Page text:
Biometrics seen as more secure than passwords
Survey results around security, convenience and privacy contradict the long-held wisdom that “convenience is king.” While consumers have long been thought to prefer a fast sign-in experience with minimal friction, the survey results show that people rank security as a higher preference than privacy or convenience for the majority of applications – particularly for money-related applications.
- Security was vastly ranked as the top priority for banking, investing, and budgeting apps – for these categories on average, 70 percent selected security as the top priority, with 16 percent selecting privacy, and 14 percent selecting convenience.
- Security also ranked as the top priority for online marketplaces, workplace apps, and email.
- For social media apps, priorities became less clear – with convenience taking a slight lead (36 percent), followed by security (34 percent) and privacy (30 percent).
The survey also examined consumers’ opinions around the security of various login methods, and found that certain types of biometrics were viewed as more secure than passwords, yet security and privacy remain top concerns when it comes to adopting biometrics.
- 44 percent ranked fingerprint biometrics as one of the most secure methods of authentication; passwords and PINs were seen as less secure (27 percent and 12 percent respectively)
- People’s biggest concerns with biometric authentication were privacy (how the data is collected and used – 55 percent), and security (others using fake biometric data to access their accounts – 50 percent).
The survey revealed several differences in generational viewpoints when it comes to securing their online identities. Older adults displayed better habits when it came to password creation, yet younger generations were more inclined to adopt password managers, biometrics and multifactor authentication as a way to secure their online accounts. This could be an indication that younger generations have less confidence in passwords and are instead looking to alternative methods to secure their accounts.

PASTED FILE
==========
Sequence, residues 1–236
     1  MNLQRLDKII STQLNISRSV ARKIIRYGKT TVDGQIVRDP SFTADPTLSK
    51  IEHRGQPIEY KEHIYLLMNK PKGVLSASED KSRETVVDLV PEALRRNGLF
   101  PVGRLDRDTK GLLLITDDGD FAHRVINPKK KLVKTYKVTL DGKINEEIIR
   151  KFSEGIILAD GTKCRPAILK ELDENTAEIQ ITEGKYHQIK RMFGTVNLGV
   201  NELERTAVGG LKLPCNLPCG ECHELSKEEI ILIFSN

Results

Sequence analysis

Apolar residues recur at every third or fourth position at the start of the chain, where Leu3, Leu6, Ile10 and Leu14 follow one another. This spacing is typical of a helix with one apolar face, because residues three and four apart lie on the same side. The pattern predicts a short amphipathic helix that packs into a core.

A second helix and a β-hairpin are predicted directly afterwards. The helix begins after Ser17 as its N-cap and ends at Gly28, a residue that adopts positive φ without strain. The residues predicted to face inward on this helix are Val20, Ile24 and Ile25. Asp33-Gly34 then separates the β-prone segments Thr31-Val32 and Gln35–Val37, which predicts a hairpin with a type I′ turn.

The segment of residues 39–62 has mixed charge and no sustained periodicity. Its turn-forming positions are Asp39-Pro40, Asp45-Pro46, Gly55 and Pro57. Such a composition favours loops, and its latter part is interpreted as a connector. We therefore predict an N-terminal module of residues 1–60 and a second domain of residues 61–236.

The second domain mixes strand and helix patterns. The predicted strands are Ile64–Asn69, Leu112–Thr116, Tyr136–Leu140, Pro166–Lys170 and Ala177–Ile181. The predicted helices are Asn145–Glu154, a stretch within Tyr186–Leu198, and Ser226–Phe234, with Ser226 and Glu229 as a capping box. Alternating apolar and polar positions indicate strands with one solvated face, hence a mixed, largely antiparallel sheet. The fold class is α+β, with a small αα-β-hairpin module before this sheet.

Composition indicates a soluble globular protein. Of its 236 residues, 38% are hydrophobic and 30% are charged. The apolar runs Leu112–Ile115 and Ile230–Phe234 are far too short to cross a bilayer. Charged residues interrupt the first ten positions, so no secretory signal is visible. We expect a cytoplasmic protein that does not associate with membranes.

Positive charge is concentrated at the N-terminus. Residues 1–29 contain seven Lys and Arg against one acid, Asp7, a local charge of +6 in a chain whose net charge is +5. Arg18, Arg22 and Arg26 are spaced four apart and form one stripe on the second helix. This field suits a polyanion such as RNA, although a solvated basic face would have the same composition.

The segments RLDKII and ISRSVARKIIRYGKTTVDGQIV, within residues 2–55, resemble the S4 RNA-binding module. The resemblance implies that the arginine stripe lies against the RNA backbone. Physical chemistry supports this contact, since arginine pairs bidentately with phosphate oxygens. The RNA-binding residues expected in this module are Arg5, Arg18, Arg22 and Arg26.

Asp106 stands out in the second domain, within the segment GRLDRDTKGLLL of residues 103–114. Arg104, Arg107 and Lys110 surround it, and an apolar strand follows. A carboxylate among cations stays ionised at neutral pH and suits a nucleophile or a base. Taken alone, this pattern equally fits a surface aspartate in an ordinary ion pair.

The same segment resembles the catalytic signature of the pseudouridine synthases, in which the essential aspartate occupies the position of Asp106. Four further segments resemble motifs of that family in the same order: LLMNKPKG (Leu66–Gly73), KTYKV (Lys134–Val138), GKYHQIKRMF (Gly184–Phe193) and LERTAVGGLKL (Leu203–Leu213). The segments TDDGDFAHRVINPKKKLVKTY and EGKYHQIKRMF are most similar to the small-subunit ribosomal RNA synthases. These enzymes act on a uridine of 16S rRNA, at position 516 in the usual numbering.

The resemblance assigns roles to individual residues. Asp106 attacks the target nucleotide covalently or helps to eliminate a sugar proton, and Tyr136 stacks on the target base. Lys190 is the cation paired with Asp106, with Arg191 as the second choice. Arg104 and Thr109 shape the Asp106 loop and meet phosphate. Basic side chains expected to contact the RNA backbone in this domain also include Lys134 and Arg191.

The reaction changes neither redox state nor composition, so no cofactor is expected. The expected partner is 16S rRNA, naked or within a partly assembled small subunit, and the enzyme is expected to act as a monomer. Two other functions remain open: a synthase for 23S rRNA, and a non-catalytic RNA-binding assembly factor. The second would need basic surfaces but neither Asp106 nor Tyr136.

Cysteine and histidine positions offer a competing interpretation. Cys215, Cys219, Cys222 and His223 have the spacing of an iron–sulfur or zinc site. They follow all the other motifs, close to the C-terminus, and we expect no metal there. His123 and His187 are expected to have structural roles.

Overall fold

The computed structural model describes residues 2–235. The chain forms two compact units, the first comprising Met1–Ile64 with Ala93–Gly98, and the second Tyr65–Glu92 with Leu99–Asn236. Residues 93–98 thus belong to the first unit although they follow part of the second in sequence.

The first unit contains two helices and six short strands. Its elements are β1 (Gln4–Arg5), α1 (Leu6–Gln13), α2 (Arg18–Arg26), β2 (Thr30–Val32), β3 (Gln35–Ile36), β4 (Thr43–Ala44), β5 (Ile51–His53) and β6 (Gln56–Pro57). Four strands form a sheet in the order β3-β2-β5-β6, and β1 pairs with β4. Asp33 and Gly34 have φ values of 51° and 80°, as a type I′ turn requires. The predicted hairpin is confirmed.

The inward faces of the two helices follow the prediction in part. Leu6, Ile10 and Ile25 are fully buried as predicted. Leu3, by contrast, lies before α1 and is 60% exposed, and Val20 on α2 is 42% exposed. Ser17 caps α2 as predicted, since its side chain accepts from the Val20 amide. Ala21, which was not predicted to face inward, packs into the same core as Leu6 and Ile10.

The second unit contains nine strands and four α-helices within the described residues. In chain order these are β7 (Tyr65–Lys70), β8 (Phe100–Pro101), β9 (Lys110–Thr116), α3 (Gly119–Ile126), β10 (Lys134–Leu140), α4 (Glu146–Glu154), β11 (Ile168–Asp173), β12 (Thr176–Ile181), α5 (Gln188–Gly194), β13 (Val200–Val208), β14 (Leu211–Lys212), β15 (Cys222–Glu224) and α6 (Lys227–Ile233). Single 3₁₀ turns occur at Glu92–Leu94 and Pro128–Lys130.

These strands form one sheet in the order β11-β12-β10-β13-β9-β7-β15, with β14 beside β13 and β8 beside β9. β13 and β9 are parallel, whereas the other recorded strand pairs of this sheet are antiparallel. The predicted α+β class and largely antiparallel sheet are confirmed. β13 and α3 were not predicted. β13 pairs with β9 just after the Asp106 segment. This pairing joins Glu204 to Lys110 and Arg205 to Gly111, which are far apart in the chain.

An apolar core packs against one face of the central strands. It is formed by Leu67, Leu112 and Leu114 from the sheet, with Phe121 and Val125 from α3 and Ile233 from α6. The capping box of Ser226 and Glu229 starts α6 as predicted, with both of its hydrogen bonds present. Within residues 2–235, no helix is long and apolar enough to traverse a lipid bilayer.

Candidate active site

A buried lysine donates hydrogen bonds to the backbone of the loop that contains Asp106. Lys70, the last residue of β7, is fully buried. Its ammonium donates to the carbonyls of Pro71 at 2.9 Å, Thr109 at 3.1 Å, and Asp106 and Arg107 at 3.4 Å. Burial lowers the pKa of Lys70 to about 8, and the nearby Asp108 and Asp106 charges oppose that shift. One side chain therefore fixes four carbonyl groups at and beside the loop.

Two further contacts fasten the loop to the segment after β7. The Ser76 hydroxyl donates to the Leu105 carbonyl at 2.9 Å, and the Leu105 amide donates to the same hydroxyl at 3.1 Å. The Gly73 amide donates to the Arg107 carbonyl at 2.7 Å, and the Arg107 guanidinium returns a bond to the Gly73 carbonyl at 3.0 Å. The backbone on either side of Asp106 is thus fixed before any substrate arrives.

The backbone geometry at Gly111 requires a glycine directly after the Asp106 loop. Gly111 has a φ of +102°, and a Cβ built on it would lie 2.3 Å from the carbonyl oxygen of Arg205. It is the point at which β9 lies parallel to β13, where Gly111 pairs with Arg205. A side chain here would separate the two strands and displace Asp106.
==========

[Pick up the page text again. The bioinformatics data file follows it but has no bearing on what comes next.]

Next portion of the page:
- Only 42 percent of millennials use complex passwords that combine special characters, numbers and letters (versus 49 percent of those 55 years of age and older), and 41 percent reuse the same password multiple times (versus 31 percent of 55+).
- On average, people 55+ use 12 passwords, while Gen Z (ages 18 – 20) averages only five passwords, which could indicate a heavier re-use rate.
- Millennials are 2x more likely to use a password manager (34 percent) than people over the age of 55 (17 percent).
- Millennials were more likely to enable two-factor authentication in the wake of a breach (32 percent versus 28 percent general population).